For Amazonian people, urban transformations bring about new challenges in the way they inhabit and coexist with others. Many of these transformations have to do with their concepts of health, and a broader understanding of how to protect life. Some very practical challenges include the loss of language, and with it, the transmission between generations of their ancestral knowledge. Also, new diseases emerge, which are perceived as a consequence of their new ways of living, including their subsistence practices, forms of housing and organisation of the space they inhabit, relationships with rivers and other sources of water, and also the effects of climate change. These projects will give interested students the chance to explore theories, methods and technologies in relation to their disciplines, in the context of a small city in the Colombian Amazon, with the aim of collectively contributing to solutions of real problems affecting indigenous peoples in tthis region.
Participating students will work on their projects and come to Leticia for 21 days in the summer of 2019, where they will join an interdisciplinary group of students from EPFL, UNIL and UNIGE, other team members at the Universidad Nacional de Colombia in Leticia, and will have the unique opportunity of working alongside indigenous peoples in Leticia participating in these projects.
Two strands of projects will open for Spring-Summer 2019:
Tikuna language learning app
In this project, students will develop alongside indigenous Tikuna people an app/game, with the aim of giving Tikuna children an opportunity to learn their language in a playful, practical and embedded way. Tikuna children living in the city or nearby villages often do not learn their language anymore, speaking only Spanish. Many of these children have access to smartphones, and spend considerable time playing foreign games, which further distances them from learning from the stories that elders tell. The idea, developed from the start with Tikuna teachers and elders, is to turn around the negative effects of digital technologies, into a tool that promotes the transmission of culturally meaningful knowledge and the learning of their language. The game will be based on the story of a cultural hero, as told by the Tikuna elders collaborating in this project.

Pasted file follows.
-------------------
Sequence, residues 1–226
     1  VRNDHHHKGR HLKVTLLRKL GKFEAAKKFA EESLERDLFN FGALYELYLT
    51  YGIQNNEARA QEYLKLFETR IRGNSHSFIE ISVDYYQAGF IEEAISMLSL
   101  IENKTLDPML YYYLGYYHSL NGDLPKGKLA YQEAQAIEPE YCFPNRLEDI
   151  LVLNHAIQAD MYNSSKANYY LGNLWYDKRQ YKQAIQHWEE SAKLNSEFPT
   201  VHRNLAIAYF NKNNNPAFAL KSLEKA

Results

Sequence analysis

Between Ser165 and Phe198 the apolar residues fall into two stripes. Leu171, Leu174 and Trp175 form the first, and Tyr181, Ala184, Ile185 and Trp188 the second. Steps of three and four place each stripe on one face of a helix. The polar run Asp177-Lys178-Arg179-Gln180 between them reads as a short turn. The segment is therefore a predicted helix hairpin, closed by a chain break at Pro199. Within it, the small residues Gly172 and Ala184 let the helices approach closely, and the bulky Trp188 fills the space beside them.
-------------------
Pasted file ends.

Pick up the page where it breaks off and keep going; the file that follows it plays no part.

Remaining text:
Tasks: Students will contribute to the design of the digital platform, as part of a team developing the conceptual and artistic design of the game.
Who are we looking for: Master level students from IC, ENAC or Digital Humanities (CDH), with skills either in programming, social media and computing, digital technologies for learning, or spatial analysis and design.
Waterborne diarrheal disease and water quality
This project explores health challenges to that indigenous peoples living in Leticia experience, in the face of increasing urbanisation, their difficulties in accessing clean sources of water and climate change. In particular, diarrheal diseases are one of the most common causes of morbidity and mortality in the region, especially among children. We aim to investigate the link between climatic and hydrologic factors and the seasonality of diarrheal diseases in urban and peri-urban areas of Leticia, through exploratory statistics and modelling methods, considering as well the effects of the distinct cultural practices of peoples in the region.
Tasks: Students will conduct statistical analysis of epidemiological and environmental data, and will integrate extracted information into mathematical models of disease transmission.
Who are we looking for: Master level students from SIEE/ENAC with skills in statistical data analysis with R/Matlab/Python and solid knowledge of probabilities and statistics